What I mean by a talk is standing up and telling 30 minutes of war stories, plus reading a few pages from one of my novels and then taking questions.
What's not to love about doing that?
This morning, however, I went to a session at a Duke alum seminar weekend ("Money, Sex, and Power") on giving more powerful presentations. I was one of the four who volunteered to give a talk and then get a critique in front of the sixty others in the group.
Oh, shit, I was terrible!
(I'm going to recover from this. I really, really am. I've just left that auditorium and come straight here to the library to blog about this experience.)
It was bold! I'll give myself that much credit. The three who went before me performed quite creditably.
The assignment was not to offer amiable personal anecdotes, but instead to make a three-minute presentation with a beginning, middle, and an end. I've done that only once since high school and I had a teleprompter then.
I won't bore you with details of how my effort this morning was a mess. Except to say that temperamentally, I'm a novelist. I communicate in units of 100,000 words, with lengthy flashbacks. Just believe me... (And it got worse as I realized how badly it was going. Perhaps from people's expressions of faint puzzlement and alarm.)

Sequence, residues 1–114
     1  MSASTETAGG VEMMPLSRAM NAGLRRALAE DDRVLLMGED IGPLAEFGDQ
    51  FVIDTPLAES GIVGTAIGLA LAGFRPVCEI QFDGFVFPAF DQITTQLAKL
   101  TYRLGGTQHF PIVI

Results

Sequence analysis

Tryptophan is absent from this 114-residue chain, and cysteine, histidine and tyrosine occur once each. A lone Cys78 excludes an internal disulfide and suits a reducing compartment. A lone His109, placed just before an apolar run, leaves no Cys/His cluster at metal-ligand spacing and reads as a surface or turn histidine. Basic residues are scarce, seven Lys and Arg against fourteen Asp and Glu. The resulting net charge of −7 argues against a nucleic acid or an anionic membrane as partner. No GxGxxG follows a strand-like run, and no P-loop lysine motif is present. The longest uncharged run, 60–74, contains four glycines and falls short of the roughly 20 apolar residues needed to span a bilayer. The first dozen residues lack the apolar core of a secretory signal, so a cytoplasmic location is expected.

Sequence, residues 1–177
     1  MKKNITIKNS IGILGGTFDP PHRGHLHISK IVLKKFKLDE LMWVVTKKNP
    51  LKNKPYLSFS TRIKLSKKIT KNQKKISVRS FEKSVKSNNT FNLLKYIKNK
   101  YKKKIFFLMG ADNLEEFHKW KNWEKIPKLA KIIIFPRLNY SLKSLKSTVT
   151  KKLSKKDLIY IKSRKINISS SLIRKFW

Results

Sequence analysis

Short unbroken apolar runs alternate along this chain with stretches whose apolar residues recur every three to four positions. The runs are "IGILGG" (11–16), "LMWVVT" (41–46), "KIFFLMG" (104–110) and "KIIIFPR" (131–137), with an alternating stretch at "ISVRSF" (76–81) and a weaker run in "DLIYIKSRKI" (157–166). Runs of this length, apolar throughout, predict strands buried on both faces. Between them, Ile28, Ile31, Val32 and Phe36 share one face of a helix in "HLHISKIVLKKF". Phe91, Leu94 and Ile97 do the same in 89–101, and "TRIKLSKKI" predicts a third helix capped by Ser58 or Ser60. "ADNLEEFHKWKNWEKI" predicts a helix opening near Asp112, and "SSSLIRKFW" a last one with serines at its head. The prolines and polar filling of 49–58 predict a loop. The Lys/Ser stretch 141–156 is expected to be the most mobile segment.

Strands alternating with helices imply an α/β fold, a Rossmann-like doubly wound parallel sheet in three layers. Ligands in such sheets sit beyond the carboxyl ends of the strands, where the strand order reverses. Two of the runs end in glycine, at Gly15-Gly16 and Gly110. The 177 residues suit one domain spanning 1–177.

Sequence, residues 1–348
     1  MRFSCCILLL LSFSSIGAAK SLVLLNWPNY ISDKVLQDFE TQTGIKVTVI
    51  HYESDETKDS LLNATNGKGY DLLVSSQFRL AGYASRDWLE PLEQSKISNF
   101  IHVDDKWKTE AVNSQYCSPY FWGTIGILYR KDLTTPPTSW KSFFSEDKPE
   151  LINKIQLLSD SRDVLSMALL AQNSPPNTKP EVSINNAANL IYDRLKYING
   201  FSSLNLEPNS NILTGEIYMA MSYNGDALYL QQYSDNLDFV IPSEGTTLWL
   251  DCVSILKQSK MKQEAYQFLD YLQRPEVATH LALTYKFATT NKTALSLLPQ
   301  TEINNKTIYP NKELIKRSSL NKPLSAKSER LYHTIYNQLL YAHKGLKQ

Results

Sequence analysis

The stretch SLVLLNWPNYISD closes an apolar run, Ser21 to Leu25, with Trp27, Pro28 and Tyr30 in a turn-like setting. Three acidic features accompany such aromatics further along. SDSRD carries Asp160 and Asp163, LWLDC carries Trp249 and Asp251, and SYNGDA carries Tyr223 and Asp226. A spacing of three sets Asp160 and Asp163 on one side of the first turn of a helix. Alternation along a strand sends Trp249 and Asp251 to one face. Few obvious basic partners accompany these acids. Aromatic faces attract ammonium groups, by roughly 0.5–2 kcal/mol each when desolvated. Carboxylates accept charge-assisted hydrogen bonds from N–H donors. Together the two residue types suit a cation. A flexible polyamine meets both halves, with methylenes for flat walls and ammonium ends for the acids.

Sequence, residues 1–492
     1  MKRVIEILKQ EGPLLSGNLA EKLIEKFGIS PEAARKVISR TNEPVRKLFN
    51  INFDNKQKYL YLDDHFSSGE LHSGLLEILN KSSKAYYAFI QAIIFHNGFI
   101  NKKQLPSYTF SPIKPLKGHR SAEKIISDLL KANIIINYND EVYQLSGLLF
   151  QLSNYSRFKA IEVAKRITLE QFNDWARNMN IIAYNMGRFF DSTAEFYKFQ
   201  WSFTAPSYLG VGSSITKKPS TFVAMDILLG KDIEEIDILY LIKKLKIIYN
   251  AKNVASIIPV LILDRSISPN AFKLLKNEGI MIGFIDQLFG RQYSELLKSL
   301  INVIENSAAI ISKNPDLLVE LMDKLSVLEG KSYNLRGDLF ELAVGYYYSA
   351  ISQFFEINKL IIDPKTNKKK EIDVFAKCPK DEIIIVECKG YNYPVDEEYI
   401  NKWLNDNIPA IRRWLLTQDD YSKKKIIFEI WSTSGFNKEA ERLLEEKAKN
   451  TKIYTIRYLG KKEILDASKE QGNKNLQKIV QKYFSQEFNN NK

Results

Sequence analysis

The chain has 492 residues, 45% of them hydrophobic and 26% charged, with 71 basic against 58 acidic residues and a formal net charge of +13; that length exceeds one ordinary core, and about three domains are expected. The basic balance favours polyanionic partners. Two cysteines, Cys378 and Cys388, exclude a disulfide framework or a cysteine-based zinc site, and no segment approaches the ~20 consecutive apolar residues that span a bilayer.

Now, here's the good news. I learned a lot. The teacher -- Joy Javits -- was terrific. She managed to say some nice things that I actually believed. I wound up feeling comfortable and redoing some parts in front of the group, using Joy's suggestions.
And I left with one tip that I know will stick with me: don't just skim my eyes across the whole audience, instead make lingering eye contact with one person after another.
Now, here's the clinker. I have a mid-day talk scheduled for Monday, at Edenton Street Methodist Church in Raleigh. My plan has been my usual rather informal chat. That's likely what I'll do, as usual. It goes over well. (In 39 years of giving little chats, it has gone over horribly only once --at Calvin College in Grand Rapids, Michigan--and semi-badly only twice, both in my hometown at UNCW where my father was a trustee. Thirty-nine years! Hear that, Joy? )
However, I may well pursue with Joy this business of learning to give a short pitch that's to the point. I need this skill so that I'll be prepared should I ever get an Oscar.
And now that I've told you all this, I feel much better. Really rather good, in fact. I couldn't immediately get my soothing and encouraging psychologist husband Bob on the phone to debrief, and turned next to you.
I'll let you know how the Monday talk goes.